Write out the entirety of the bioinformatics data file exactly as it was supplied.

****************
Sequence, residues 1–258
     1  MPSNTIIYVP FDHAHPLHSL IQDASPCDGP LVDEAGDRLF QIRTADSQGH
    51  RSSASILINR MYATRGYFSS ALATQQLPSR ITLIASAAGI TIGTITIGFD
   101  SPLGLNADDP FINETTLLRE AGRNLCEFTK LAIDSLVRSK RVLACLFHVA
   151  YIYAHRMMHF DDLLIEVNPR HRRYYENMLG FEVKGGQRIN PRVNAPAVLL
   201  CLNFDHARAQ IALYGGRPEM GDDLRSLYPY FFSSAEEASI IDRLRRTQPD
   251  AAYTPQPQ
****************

Sequence, residues 1–258
     1  MPSNTIIYVP FDHAHPLHSL IQDASPCDGP LVDEAGDRLF QIRTADSQGH
    51  RSSASILINR MYATRGYFSS ALATQQLPSR ITLIASAAGI TIGTITIGFD
   101  SPLGLNADDP FINETTLLRE AGRNLCEFTK LAIDSLVRSK RVLACLFHVA
   151  YIYAHRMMHF DDLLIEVNPR HRRYYENMLG FEVKGGQRIN PRVNAPAVLL
   201  CLNFDHARAQ IALYGGRPEM GDDLRSLYPY FFSSAEEASI IDRLRRTQPD
   251  AAYTPQPQ